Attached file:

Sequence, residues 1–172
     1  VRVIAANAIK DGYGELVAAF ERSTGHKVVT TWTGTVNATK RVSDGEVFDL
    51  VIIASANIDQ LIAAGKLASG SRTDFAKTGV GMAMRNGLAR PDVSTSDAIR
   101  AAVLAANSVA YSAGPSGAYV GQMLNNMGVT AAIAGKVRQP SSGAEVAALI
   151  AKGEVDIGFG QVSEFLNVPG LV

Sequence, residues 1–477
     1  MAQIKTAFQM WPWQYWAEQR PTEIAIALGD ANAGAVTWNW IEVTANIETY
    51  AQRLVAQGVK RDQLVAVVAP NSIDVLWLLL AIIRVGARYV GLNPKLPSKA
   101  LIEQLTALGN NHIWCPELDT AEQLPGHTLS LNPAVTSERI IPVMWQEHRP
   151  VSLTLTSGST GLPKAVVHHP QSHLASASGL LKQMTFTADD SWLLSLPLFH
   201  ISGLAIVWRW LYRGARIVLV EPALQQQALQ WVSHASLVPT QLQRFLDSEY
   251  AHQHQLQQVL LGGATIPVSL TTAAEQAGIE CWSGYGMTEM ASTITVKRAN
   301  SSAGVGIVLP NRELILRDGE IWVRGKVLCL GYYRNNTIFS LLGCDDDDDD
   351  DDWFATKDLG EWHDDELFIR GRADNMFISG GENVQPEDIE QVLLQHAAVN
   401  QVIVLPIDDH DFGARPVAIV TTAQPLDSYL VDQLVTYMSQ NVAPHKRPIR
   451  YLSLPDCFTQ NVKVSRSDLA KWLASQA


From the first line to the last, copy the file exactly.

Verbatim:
Sequence, residues 1–172
     1  VRVIAANAIK DGYGELVAAF ERSTGHKVVT TWTGTVNATK RVSDGEVFDL
    51  VIIASANIDQ LIAAGKLASG SRTDFAKTGV GMAMRNGLAR PDVSTSDAIR
   101  AAVLAANSVA YSAGPSGAYV GQMLNNMGVT AAIAGKVRQP SSGAEVAALI
   151  AKGEVDIGFG QVSEFLNVPG LV

Sequence, residues 1–477
     1  MAQIKTAFQM WPWQYWAEQR PTEIAIALGD ANAGAVTWNW IEVTANIETY
    51  AQRLVAQGVK RDQLVAVVAP NSIDVLWLLL AIIRVGARYV GLNPKLPSKA
   101  LIEQLTALGN NHIWCPELDT AEQLPGHTLS LNPAVTSERI IPVMWQEHRP
   151  VSLTLTSGST GLPKAVVHHP QSHLASASGL LKQMTFTADD SWLLSLPLFH
   201  ISGLAIVWRW LYRGARIVLV EPALQQQALQ WVSHASLVPT QLQRFLDSEY
   251  AHQHQLQQVL LGGATIPVSL TTAAEQAGIE CWSGYGMTEM ASTITVKRAN
   301  SSAGVGIVLP NRELILRDGE IWVRGKVLCL GYYRNNTIFS LLGCDDDDDD
   351  DDWFATKDLG EWHDDELFIR GRADNMFISG GENVQPEDIE QVLLQHAAVN
   401  QVIVLPIDDH DFGARPVAIV TTAQPLDSYL VDQLVTYMSQ NVAPHKRPIR
   451  YLSLPDCFTQ NVKVSRSDLA KWLASQA